Spring walk 2014

April 27, 2014

Woke up early after a harrowing nightmare as usual and found myself with time on my hands. I’m tired of reading, didn’t feel like watching a movie, and lo and behold the sun was shining even though it was supposed to be cloudy today. So I decided to go for a walk.

Special Nike walking shoes firm and snug on my feet, earbuds plugged into my iPod on one end and my brain on the other, I set off for the field across from Collins where I sometimes walk the track. But the sun was so yellow and the sky so blue that I decided I wanted more rich Gaia than I was getting trekking on the asphalt.

I headed off into the arboretum and that’s where I found my bliss. So many different beautiful species of plant. The flowers are bright striking color slashes against the new green and stinky mulch. There are so many flowering trees on campus it feels like a fairyland.

I love new leaves. They’re so delicate and soft and tender that I wish I were a goat. I just want to reach out with my prehensile lips and suck the leaves into my strong goaty teeth and ingest all that beauty and power so I can tap into it whenever I need it.

The birds were out in force and the streams were burbling happily along. And as fat and sludgey as my body feels, it held up at an athletic pace as I breathed in deeply through my nose and exhaled into the sweet spring air. I can feel my body coming out of hibernation, out of that tight, frozen grip I get into when I’m just so, so cold over the winter. The walk in the sun and the breeze loosens up the space between my bones and I feel more alert, more relaxed, more ready for living.

I came home and just sat in the backyard in the sun, listening to iTunes spin through Depeche Mode, Social Distortion, Frank Sinatra, Thievery Corporation, Rasputina, Bach, Eartha Kitt, Little Cow, Russian nuns, and more and more and more. I mostly just drank in the sun through this porous sensory envelope we call skin but sometimes opened my eyes to see what the wildlife were up to.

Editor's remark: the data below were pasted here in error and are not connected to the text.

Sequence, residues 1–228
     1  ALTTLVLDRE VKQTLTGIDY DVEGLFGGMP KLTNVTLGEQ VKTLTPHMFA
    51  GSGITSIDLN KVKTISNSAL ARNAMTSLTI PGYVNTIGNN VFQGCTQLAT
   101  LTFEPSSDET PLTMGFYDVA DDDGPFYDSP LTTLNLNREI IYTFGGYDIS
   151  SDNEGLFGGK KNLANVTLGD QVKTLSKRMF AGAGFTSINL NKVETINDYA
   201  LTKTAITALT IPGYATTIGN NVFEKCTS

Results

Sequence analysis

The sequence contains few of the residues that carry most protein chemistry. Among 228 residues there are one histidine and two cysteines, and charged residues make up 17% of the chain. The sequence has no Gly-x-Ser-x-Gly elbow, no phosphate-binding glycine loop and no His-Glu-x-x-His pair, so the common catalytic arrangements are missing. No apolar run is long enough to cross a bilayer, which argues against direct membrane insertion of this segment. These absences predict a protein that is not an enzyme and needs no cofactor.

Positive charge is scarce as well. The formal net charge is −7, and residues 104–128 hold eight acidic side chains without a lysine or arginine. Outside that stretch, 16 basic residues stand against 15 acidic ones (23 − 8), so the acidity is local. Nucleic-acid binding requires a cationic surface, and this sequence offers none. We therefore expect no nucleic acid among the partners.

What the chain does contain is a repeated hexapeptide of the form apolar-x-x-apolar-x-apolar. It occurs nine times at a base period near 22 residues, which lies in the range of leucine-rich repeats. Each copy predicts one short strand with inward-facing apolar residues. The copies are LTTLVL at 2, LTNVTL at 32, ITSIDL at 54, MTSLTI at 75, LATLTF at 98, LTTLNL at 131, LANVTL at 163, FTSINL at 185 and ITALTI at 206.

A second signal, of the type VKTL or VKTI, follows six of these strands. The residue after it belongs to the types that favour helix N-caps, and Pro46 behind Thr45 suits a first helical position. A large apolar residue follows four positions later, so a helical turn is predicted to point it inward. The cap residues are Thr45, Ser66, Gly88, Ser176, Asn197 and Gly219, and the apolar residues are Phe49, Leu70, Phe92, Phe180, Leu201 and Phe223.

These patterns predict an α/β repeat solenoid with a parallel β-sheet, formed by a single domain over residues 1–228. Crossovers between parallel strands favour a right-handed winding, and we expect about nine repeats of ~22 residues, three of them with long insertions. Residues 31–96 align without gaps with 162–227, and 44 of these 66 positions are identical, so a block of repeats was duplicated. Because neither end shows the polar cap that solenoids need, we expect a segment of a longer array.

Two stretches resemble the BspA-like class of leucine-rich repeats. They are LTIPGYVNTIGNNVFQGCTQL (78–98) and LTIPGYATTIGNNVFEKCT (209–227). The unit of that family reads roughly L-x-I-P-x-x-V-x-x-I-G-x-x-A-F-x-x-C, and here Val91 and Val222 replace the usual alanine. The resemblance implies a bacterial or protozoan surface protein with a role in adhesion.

This is new to me—I’ve been tentatively moving into my yard more and more each year, staking my claim to the land. My trees. My slopes and hollows. My sweetspires. From the beginning, I wanted to create a place where wildlife would feel welcome. The suet keeps just about everybody happy and the bunnies are glad enough to ravage my shrubbery. That’s why bunnies are so cute—otherwise we’d kill them in a murderous rage.

There are a pair of doves that have taken up residence somewhere near my house. Today I watched one settle down beneath my ninebark bush and just chill. I was so still for so long that the robins came pecking within five feet of me, just going about their business. A squirrel limped in, favoring a hurt front paw, heading for the safety of the darkness beneath my back porch.

Long ago when I became a Witch, I chose to see the biosphere as sacred. Great Gaia living and dying in glory all through the eons. And I’m a part of that. I feel her energy pulsing through me always, but it’s more intense when my bare feet are pressed against her precious soil and I feel her gently pressing back. Equal exchange of force. Beautiful.

The main tenet of my faith is “Tiocfaidh an Samhradh”: Gaelic for “Summer will come.” No matter how cold the dark night of winter, Summer will come and spread her wings. I will revive. I will live again. And Spring is the start of that promise manifesting. We all stretch our limbs and remember all that is good in our lives.